For years, Audrey Silver focused her repertoire on the Great American Songbook. Her devotion to standards has not changed, but through the inspiration of her young son, she has branched out into original songwriting. Silver’s new CD, “Let Me Know Your Heart” offers a rich mix of standards and originals. Composed in collaboration with flutist/composer Dominique Gagne, Silver’s songs feature sophisticated lyrics which reveal a mature attitude towards love and romance, coupled with attractive melodies and interesting harmony. Silver’s voice wraps the listener in rich tones, and she has admirable flexibility as she teases out understated melodic variations. Whether singing her own “When I Look in Your Eyes”, the classic standard “Comes Love”, Mose Allison’s sardonic “Ever Since the World Ended” or the French chanson “Plus Je T’Embrasse”, there is a consistency in Silver’s delivery which makes each song sound relevant and contemporary. Equal credit should go to the album’s producer and arranger, Steven Santoro as well as the superb backup ensemble: Marcus Printup (trumpet); Tom Beckham (vibes); Bruce Barth (piano & organ); Marc Ciprut (guitar); Paul Beaudry (bass) and Anthony Pinciotti (drums). In addition to the above mentioned tracks, accolades are due for the exquisite arrangement of Irving Berlin’s “How Deep is the Ocean” which seems to float in midair; the delightful and swinging original “Giraffe Song”; Silver’s fine scat solo on Freddie Hubbard’s “Up Jumped Spring”, and an unusual setting of the Fran Landesman/Bob Dorough tune “Small Day Tomorrow” which successfully combines a lounge-style backdrop, a seductive Silver vocal, and eerie background vocals. With its fine production, intriguing arrangements and outstanding vocals, “Let Me Know Your Heart” may be the gateway for new fans to know more about Audrey Silver.

Canadian vocalist Karin Plato describes the original songs on her new album “This Could Be the One” as “characters [which] many of us meet in our life journey”. While that quote might lead a potential listener to think that the resulting album is filled with maudlin, navel-gazing soliloquies, the actual CD overflows with joy. Starting with her count-off to the title track, Plato’s sinewy voice soars, and her quartet digs in with propulsive swing. She treats the Beatles’ “I’ve Just Seen a Face” to a bouncy samba treatment that reflects the ecstasy of new-found love. The peaceful bliss of Plato’s original “Sweet Summer” is paired with an unorthodox chord sequence. Plato’s delivery of the angular melody is flawless, as is clarinetist James Danderfer’s improvisation on the changes. “July” is a natural continuation of the themes of “Sweet Summer” and Chris Gestrin’s spare piano chords evoke the stagnant heat of that month. Later in the track, the deliberate plodding of bassist Laurence Mollerup and drummer Joe Poole add to the effect. The lyrics of “Take Time” could have easily become a brow-beating lecture (despite the value of their content); however, the combination of the soft-shoe tempo and Plato’s light but earnest delivery make the track a comfortable and enlightening experience. Hank Williams’ “I’m So Lonesome I Could Cry” is a seldom-covered American classic (although it also appears in Michelle Lordi’s album reviewed below!) Plato sings the plaintive ballad in a way which merely hints at a deeper sorrow. Unfortunately, I can’t generate much enthusiasm for the duet between Plato and blues singer Jim Byrnes on “What Came Before”. The rough quality (and barely controlled vibrato) of Byrnes’ voice seems to be a poor match for Plato’s finely controlled vocal instrument. After the funky “Life is a Beautiful Game” which yields fine solos from Danderfer and guest trombonist Rod Murray, Plato moves into a perceptive song called “Insomnia” which echoes the experiences of anyone who has endured a sleepless night. Plato doubles on piano for a stunning duet with Danderfer which gives new life to the much-abused “Heart and Soul”. The closer is an original called “Sorrow”. It is another vocal duet, this time with Rebecca Shoichet, and thankfully, the voices blend better this time, allowing the song’s message to come through with clarity. This fine group of “characters” has enabled a welcome return to recording for a superb vocalist.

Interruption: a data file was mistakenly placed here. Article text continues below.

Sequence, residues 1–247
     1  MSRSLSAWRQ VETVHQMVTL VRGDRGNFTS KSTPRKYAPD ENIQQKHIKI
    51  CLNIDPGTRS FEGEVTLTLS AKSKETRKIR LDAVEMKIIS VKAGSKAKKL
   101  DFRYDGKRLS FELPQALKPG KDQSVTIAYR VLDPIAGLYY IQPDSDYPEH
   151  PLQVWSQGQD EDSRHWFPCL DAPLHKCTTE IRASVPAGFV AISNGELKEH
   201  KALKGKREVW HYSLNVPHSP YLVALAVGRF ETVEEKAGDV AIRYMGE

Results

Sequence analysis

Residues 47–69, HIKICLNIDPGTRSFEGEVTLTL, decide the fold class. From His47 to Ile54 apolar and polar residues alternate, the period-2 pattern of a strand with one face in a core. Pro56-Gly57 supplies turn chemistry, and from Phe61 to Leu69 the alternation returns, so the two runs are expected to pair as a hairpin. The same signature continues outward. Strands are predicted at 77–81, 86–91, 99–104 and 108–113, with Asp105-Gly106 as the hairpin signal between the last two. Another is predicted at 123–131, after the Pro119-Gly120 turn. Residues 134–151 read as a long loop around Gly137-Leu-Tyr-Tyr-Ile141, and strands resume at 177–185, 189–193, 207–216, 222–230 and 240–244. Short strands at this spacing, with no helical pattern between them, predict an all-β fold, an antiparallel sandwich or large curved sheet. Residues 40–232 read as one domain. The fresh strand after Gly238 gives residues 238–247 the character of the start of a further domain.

Regular readers of this website have followed the development of Philadelphia vocalist Michelle Lordi. However, her latest recording may surprise her most dedicated fans. “Break up with the Sound” is a dramatic shift from Lordi’s previous recordings, but while Lordi embraces contemporary repertoire, she never loses the sensitivity that made her such a remarkable interpreter of standards. On the opening original “Poor Bird”, Lordi juxtaposes her cool but pointed vocals against some of New York’s most progressive musicians, including tenor saxophonist Donny McCaslin, guitarist Tim Motzer, bassist/arranger Matthew Parrish and drummer Rudy Royston. The resulting sound is adventurous and edgy, but the deep musicianship by Lordi and the instrumentalists is the track’s most obvious quality. Lordi’s expressive version of “Wayward Wind” is a standout track, with its other-worldly arrangement and Motzer’s wailing electric guitar moving the song far from Gogi Grant‘s original recording. Another Lordi original, “Before”, is a deeply personal song that expresses the wish for new and uncharted experiences. Lordi’s understated vocal reflects the sincerity of the message, and Motzer’s guitar solo matches Lordi’s exquisite delivery. Parrish’s funky bass line and a expansive Moyzer solo enriches Lordi’s moody cover of the Rolling Stones’ “No Expectations”, while a surprisingly active medium-tempo arrangement offers a fresh approach to “Lover Man” with Lordi providing a confident and breezy reading of the standard, and McCaslin offering another innovative tenor solo. Lordi and her family lost many of their possessions in a devastating house fire on December 26, 2017. That tragedy may have inspired the idyllic  “Red House Blues”, as the lyrics  describe a home that may only exist in the imagination, but could also be rooted in their lost dwelling. The album closes with Lordi’s interpretation of “I’m So Lonesome I Could Cry”, in an edgier version than Plato’s, with the emotions appearing closer to the surface. While it is significantly different from Lordi’s previous albums, “Break up with the Sound” is likely to please both hard-core jazz aficionados and pop/rock fans.  It is the perfect gift for your friends who claim they don’t understand progressive jazz.